New Delhi: A current of highly charged particles – or solar storms, from the Sun is heading towards the Earth. It is anticipated to reach sometime between Sunday and Monday (July 11 to 12), according to a report by Spaceweather.com. This current of highly charged particles could likely provoke a minor solar storm in the Earth’s magnetosphere. A region of space dominated by Earth’s magnetic field, and could impact cellphone, GPS signals, space weather forecasters alerted.
“As the wind heads toward Earth, it carries with it the Sun’s magnetic field. It moves vigorously, strikes directly into Earth’s magnetic field. The storm causes a shock to our magnetic protection, which can affect turbulence,” Nicky Fox, of NASA’s Director of the Heliophysics Science Division told express.co.uk.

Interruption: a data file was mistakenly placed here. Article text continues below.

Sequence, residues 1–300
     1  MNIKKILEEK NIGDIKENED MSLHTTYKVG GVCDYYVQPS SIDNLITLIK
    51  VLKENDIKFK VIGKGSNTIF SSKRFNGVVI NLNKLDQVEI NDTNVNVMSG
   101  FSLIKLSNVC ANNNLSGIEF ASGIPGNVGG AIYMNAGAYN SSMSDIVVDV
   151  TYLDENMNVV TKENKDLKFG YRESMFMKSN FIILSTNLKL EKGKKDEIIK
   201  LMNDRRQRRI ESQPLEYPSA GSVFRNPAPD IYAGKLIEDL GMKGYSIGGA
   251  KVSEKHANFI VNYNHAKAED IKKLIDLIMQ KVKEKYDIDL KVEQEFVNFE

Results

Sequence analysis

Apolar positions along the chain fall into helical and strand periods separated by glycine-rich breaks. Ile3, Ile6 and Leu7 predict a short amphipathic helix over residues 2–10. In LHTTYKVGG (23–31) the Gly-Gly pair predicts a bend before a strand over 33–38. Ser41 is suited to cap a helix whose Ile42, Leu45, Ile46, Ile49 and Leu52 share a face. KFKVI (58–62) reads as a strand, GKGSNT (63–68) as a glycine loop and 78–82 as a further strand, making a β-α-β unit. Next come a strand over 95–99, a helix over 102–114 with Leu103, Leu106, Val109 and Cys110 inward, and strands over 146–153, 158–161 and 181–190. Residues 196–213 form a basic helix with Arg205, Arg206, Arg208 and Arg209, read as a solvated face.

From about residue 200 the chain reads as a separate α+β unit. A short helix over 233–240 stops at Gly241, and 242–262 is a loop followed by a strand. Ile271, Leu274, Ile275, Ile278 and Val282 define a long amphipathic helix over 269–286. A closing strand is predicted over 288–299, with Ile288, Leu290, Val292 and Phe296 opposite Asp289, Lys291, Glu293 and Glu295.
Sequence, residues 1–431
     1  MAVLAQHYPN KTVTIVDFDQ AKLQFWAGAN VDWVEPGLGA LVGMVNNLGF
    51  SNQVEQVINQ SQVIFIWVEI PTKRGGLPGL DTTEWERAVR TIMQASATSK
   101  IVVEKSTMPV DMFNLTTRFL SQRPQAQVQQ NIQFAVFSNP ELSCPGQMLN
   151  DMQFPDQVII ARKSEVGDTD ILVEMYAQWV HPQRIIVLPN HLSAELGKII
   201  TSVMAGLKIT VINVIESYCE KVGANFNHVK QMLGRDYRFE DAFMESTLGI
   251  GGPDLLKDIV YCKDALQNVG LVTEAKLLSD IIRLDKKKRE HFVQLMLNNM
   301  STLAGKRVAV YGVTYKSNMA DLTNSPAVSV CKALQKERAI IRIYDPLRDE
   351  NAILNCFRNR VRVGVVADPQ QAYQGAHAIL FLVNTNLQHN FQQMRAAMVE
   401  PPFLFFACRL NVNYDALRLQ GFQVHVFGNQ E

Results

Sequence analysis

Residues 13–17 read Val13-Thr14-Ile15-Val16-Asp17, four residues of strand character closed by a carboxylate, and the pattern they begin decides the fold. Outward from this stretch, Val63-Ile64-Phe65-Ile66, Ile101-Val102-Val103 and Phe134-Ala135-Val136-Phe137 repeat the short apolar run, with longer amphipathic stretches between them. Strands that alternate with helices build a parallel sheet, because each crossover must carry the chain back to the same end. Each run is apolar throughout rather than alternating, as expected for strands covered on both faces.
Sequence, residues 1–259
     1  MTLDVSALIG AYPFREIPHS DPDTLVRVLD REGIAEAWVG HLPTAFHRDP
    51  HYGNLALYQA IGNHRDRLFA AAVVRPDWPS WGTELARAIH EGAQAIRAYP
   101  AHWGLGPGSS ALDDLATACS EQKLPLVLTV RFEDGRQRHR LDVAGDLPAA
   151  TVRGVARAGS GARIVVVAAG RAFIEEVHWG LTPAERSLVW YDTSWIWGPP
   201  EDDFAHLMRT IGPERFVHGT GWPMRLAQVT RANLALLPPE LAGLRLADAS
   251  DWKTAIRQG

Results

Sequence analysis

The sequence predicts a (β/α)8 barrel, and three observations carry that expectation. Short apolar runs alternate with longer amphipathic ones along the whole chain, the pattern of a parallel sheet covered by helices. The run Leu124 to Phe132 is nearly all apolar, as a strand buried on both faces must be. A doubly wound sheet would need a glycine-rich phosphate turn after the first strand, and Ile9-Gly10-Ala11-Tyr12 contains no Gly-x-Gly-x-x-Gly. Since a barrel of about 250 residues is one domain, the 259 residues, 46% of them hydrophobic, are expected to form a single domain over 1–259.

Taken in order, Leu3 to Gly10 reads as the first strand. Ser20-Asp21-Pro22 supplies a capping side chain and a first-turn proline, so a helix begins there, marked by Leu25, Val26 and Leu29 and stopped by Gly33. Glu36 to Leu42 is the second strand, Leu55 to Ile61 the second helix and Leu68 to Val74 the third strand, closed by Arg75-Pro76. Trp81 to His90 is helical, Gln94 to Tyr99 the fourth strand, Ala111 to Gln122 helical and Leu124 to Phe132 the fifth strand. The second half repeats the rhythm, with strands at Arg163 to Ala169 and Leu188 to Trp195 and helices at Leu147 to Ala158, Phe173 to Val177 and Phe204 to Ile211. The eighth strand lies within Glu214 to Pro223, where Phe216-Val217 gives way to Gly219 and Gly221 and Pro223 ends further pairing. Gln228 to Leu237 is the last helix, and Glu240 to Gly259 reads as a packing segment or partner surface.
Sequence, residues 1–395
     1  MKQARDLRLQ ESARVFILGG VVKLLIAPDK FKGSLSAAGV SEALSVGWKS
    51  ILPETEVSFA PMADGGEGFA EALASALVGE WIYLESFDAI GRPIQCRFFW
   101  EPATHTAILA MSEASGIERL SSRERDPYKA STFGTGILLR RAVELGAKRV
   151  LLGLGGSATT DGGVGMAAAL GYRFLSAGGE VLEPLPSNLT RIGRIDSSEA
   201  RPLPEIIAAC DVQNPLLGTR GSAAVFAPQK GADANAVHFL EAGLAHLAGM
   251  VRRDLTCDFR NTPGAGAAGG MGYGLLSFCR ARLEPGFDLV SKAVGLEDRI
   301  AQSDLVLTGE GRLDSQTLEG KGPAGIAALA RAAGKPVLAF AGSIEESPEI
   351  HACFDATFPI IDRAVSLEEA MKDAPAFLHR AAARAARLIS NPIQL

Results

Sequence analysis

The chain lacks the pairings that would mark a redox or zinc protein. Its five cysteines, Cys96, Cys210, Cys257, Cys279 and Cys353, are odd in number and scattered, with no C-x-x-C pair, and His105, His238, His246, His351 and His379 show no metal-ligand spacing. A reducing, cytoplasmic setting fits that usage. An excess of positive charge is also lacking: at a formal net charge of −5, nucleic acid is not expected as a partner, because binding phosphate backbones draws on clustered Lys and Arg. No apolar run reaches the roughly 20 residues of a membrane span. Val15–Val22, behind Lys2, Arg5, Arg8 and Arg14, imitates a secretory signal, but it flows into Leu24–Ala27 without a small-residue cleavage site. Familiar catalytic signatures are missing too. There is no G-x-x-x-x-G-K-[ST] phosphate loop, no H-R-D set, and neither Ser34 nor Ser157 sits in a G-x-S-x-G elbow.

Solar winds are current of charged particles or plasma that appear from the Sun and out into space. The “high-speed” stream is a consequence of a hole in the Sun’s atmosphere and it is discharging a stream of solar wind in Earth’s direction. NASA evaluates these winds top, on average, speeds of about one million miles per hour but can go faster. Such space weather events interrupt satellite operations, impact radio communications and even cause power blackout.
In a post on their official website, Spaceweather.com vigiled, “A high-speed flow of solar wind is anticipated to smack Earth’s magnetic field. Flowing from an equatorial hole in the sun’s atmosphere, wind speeds could top 500 km/s. Full-fledged geomagnetic storms are unlikely, but lesser geomagnetic unrest could evoke high latitude auroras.”
Also, mankind residing at northerly or southerly latitudes could see fascinating celestial lighting or alpenglow at night.
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